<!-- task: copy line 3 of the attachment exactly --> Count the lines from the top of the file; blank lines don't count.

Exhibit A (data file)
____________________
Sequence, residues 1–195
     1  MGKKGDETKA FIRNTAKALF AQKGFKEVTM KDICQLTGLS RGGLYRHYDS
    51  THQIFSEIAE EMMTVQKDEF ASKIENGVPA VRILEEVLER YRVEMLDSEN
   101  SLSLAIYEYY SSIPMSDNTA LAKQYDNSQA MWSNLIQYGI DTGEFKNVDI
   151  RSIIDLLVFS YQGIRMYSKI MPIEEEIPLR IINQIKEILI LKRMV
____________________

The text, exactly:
    51  THQIFSEIAE EMMTVQKDEF ASKIENGVPA VRILEEVLER YRVEMLDSEN